What’s your next Gig ?

Glastonbury, Reading, Festival, Bruce Springsteen or are you working an Uber shift tonight?

Gig is slang for a live musical performance. It derives from the word Engagement by Jazz musicians in the 1920’s. It has now become common usage for individual self employed ie the Gig Economy. Perhaps not immediately obvious but every job is an engagement.

What I do find odd is why this has become such a contentious part of our economy . Self employment as been around as long as wandering warriors selling their services to highest bidder. Today’s warrior is more likely to carry a mop and ladder, drive a cab, shine your shoes (still exist), sell ice cream , paint your house , mow your lawn, offer advice, black cab drivers, consultants of all kinds, musicians, actors and a myriad of other tasks including the skills of a warrior and performing a hit for a local gang. It is estimated there is best part of a million involved in the Gig Economy in the UK. The simple definition is if you are sick, on holiday or just cant work for any other reason you don’t get paid . Well nothing new there !

Any of these could be self employed

For many it works and has going on for centuries if not longer . It enables those who want to work, to work when they want and for many to do a variety of jobs. I have spoken to Uber drivers (there are apparently over 40,000 in London alone, so surely it cant be all bad) who are studying medicine, doing a MBA , semi retired looking for some pocket money , just fancy doing a bit now and again, but fundamentally it allows them to do what they want to do when they want to.

For many it allows them to earn when they would struggle to get a full time job. And yes, there are many organisations that abuse their self employed colleagues but for a huge number it is a choice. 40,000 Uber drivers in London are not all there because they have to . It is estimated that there are between 100,000 and 150,000 window cleaners in the UK. 57% of Hairdressing in the UK is accounted for by freelancers. The vast majority of plumbers, electricians, and brickies are all freelancers.

Freelance work has significantly increased in specific industries: from 2018 to 2019, there was a whopping 31% increase in people looking to get into freelance work. That said, the top freelance positions included dog walkers (60% increase), beauticians (159%), hairdressers (51%), photographers (91%), and bakers (68%).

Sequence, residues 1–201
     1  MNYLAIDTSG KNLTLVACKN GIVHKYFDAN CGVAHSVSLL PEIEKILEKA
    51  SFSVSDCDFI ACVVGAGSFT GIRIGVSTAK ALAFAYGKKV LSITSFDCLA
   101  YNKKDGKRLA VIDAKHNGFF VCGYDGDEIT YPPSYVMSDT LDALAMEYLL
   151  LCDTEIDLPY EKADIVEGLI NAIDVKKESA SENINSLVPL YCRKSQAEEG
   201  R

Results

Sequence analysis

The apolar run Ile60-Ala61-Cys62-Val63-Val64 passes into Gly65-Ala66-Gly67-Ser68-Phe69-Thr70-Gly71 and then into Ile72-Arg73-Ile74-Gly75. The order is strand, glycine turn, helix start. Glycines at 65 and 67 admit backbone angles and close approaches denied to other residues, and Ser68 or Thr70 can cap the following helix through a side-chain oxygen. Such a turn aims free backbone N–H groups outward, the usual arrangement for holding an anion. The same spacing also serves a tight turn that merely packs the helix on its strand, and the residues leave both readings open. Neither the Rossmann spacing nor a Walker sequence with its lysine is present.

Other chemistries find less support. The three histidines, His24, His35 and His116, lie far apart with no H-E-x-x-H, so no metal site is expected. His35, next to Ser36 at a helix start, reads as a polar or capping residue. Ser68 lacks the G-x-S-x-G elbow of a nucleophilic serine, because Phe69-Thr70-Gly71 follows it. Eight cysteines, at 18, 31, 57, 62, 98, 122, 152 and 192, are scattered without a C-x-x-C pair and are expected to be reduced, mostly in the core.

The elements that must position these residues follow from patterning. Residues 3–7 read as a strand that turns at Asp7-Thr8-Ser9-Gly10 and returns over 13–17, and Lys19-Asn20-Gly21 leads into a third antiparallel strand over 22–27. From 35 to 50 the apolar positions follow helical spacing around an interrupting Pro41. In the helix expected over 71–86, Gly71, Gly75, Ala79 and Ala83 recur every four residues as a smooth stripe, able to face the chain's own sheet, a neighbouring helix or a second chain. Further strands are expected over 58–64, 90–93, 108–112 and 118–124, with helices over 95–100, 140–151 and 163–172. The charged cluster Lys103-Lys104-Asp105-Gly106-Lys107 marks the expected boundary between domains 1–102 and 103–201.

Lindsay Liedke

This was pre-covid. Post Covid I suspect these figures could be a lot higher. The UK is the 2nd highest facilitator of freelancers. The US is the first. Whilst the EU does not figure in the top 10 ………

With more freelancers than ever making up the European workforce, the European Commission has made clear the European SME Definition should “acknowledge freelancers as a stand-alone category within the definition and legitimise the smallest of small businesses, those who – with a 45% increase since 2000 are the fastest growing segment of the EU labour market.”


You don’t get sick pay. You don’t get holiday entitlement . You don’t get Employers pension contributions. You don’t ‘paid for ‘ training . You don’t get redundancy payments You have to budget. When you get the chance you do ‘have to put away for rainy days’ literally and metaphorically.

  • The most popular freelance careers in all of the UK include: business support (22%), design (20%), and writing and translation (17%)
  • The number one location to freelance is Manchester thanks to low property costs and plenty of WiFi hotspots (Brighton & Hove, Edinburgh, and Belfast are right behind in popularity)
  • Freelancers average 27 hours of work per week, which is far less than the whole of Europe
  • 61% of freelancers are happy with their career choice
  • Those in freelance hated commuting, the stress, and not being the boss at their traditional corporate jobs

Money Supermarket

You can get job satisfaction. You can reap good financial rewards . You can have a good work/life balance. You are your own Boss . You don’t get fired. You have flexibility. You have the ability to reap what you sow.

It is not for all and for some it is a necessity and not choice, but for many it is the ‘perfect job or jobs‘.

There those that slag off the Gig Economy. Its to easy to do and invariably those that do are often the biggest users i.e. journalists and broadcasters .

My beef is tarring all with the same brush ‘Gig’. Lets retake Gig so we can look forward to going to Gigs again. Lets call those that want to be freelancers, Freelancers. Lets call those those that are manipulated and poorly paid Sweeps, or the Sweep Economy after the child chimney sweeps of Victorian Britain, who worked in disgusting conditions and rarely got paid anything.

And when you next need the services of your local freelance plumber/electrician/window cleaner/courier/mini cab driver/ hairdresser and you don’t feel they are fairly rewarded for their efforts. Give ’em a big tip.

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